• Make it easy to tap into existing complex data sets for exploration purposes. Include some data sets that are timely and relevant. The US election comes to mind.

I realize also that this is a tall order, but I've seen how far the Desmos team has explored the algebraic/numerical space. Now that they have expanded into the Geometry space through their beta, I wonder if they (or someone else for that matter) has something like this probability exploration tool on their roadmap.

Building Arguments with Probability and the Clips App

I don't like projects for assessment. I do like in class projects for the purposes of fostering discussion and other forms of interactions. I decided to put together something fun to build time into the unit while students developed their skills in applying binomial probability. From student feedback, they actually said it was fun, so this wasn't just hopeful thinking (this time). This also had the added value of giving students a change to work on Common Core mathematical practice standard 3: Construct viable arguments and critique the reasoning of others.

I gave pairs of groups of students a statement. The center paragraph was the same for both - a statement about probabilities. The paragraphs preceding and following that were different - conflicting contexts for each statement. Here's an example.

I ended up writing four sets of situations to make sure that each class had at least two groups working on the same probability statement, but different arguments.

I asked students to do calculations and write a 100 word abstract stating their argument. After learning that the Clips app, recently released by Apple, made for a really easy way for students creatively describe and document their thinking, I also asked students to create a two minute video documenting the situation and their argument. You can see a selection of the video results below.

Students were really challenged to search for the calculations and results that supported their arguments. Some reported that they felt dishonest doing so.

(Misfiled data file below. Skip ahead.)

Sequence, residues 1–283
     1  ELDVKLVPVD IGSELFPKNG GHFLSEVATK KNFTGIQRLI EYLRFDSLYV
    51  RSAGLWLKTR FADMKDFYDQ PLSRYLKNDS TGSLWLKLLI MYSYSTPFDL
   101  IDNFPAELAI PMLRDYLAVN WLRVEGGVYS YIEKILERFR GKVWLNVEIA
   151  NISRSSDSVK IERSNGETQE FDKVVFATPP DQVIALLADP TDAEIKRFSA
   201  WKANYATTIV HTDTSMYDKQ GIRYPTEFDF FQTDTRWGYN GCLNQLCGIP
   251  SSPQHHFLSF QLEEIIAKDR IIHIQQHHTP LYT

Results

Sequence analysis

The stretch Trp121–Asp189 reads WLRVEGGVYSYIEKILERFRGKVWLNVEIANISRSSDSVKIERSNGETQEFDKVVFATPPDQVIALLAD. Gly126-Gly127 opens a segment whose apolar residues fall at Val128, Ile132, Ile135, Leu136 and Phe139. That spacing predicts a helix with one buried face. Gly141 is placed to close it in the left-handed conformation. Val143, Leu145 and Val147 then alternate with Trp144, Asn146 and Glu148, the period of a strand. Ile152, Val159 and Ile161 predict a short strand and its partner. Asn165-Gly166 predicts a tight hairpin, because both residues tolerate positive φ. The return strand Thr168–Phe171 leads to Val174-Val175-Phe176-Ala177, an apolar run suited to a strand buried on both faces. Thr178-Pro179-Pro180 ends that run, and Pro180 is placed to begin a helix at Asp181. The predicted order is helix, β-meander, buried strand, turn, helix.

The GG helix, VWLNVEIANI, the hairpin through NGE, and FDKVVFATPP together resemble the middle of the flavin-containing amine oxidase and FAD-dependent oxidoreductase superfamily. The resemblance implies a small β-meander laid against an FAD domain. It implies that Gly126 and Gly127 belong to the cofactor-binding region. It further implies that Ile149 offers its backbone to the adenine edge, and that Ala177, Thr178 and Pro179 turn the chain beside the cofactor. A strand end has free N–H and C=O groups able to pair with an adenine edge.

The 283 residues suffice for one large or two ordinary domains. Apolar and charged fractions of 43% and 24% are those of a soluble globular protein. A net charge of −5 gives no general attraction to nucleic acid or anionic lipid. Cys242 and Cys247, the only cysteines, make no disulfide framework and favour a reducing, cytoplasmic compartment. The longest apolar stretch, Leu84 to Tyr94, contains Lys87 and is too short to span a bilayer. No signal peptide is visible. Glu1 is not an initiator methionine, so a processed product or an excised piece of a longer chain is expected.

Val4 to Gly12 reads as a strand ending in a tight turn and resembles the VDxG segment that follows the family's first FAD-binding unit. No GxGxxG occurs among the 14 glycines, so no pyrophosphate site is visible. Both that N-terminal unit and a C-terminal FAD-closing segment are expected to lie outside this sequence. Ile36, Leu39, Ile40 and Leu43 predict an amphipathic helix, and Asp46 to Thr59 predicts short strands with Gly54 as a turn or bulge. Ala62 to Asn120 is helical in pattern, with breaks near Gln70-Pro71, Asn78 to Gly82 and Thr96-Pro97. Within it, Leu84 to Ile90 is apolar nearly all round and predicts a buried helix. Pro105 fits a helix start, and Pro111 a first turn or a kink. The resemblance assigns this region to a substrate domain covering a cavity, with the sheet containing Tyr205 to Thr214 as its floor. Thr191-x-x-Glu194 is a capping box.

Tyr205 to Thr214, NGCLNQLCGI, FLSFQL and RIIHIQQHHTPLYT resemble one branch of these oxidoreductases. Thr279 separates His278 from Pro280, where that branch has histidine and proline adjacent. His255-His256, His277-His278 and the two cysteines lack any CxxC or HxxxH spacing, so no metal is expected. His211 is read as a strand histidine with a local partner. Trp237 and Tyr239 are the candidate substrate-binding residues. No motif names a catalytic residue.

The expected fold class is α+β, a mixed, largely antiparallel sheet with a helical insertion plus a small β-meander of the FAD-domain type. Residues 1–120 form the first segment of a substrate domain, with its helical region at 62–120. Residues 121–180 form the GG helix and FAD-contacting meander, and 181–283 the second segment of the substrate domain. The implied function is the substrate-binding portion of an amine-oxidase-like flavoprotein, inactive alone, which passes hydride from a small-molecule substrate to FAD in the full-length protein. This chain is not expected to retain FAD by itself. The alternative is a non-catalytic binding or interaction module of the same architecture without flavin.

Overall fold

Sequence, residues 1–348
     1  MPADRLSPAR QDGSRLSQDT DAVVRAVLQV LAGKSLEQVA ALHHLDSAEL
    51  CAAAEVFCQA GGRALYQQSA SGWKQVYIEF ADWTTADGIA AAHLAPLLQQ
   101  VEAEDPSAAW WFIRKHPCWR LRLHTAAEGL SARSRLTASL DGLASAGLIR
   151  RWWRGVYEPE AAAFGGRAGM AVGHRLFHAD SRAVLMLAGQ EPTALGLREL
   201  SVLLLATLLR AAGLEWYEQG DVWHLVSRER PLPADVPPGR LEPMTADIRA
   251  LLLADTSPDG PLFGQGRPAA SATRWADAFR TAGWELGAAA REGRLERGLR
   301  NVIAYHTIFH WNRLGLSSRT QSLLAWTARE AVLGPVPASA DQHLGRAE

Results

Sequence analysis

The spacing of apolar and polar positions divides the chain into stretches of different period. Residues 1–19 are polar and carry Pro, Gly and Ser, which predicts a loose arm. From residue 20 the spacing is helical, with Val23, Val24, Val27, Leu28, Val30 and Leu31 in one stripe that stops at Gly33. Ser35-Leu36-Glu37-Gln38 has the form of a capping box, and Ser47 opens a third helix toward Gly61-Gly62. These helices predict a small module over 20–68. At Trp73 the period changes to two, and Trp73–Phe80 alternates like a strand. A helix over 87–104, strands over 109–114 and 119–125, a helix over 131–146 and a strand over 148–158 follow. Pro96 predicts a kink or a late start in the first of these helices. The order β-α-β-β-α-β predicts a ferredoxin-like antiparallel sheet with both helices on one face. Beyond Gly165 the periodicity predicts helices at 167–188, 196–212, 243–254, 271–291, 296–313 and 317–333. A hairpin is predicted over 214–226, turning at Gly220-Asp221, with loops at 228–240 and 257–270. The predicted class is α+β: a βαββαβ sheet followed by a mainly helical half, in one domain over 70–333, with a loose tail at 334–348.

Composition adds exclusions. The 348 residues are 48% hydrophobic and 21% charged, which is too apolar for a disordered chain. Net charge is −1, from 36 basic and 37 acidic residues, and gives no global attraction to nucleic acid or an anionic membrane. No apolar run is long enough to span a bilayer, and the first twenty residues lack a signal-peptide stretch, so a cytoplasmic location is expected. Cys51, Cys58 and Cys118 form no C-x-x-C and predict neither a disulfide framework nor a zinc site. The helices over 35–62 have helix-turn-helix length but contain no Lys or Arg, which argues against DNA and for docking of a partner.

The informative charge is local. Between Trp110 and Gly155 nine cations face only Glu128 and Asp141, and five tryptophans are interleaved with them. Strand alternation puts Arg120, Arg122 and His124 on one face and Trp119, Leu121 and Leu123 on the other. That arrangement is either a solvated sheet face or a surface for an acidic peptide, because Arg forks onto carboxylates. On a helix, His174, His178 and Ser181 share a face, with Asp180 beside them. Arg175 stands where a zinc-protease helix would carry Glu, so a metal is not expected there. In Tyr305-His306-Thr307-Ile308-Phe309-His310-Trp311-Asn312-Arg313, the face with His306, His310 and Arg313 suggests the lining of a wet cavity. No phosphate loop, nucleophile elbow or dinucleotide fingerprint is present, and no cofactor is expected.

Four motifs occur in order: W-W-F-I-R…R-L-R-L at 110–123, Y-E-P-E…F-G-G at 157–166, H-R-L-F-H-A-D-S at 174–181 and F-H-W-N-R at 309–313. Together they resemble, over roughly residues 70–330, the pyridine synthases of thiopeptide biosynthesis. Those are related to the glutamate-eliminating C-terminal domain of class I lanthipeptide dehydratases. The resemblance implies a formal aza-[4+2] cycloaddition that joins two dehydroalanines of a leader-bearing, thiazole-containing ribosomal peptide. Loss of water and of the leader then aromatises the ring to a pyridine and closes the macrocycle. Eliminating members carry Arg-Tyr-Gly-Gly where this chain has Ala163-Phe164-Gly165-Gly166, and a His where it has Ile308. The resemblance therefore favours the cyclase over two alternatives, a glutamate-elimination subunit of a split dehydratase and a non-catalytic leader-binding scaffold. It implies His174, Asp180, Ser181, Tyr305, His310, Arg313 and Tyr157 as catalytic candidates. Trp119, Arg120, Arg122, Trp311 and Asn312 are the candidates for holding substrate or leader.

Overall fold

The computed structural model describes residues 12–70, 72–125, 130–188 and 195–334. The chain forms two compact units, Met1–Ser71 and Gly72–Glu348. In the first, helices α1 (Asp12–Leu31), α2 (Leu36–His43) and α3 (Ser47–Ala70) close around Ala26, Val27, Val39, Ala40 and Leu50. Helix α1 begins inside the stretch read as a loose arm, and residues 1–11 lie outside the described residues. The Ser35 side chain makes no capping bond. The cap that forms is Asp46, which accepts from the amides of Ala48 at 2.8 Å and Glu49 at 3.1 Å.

You can check out all four sets of scenarios and the rubric I used here. The students said that working in teams and working through this task was enjoyable and actually reinforced their understanding of how to use binomial probability. As with a previous unit, this project was graded for completion, not for a grade, a fact I stated up front. So far, the students haven't actually said this was a problem for them, and the quality of what they produced didn't seem to suffer much.

Assumptions About the Basics

"I'm just going to teach it again from the basics."

This approach makes some assumptions:

  • Students that didn't understand the topic on a first exposure will benefit from just seeing the topic be developed again.
  • Students that did understand the first time will get confirmation of what they remember.
  • Colleagues that taught this in the past didn't necessarily cover everything, so this ensures students see a complete presentation of the topic.

All of these are assumptions that serve a teacher-centered classroom model. No teacher wants to be to blame when a student forgets an essential component of knowledge for a given topic, I get that. I have a hard time seeing the presentation of a complete topic as anything other than a checklist of items for a teacher to present.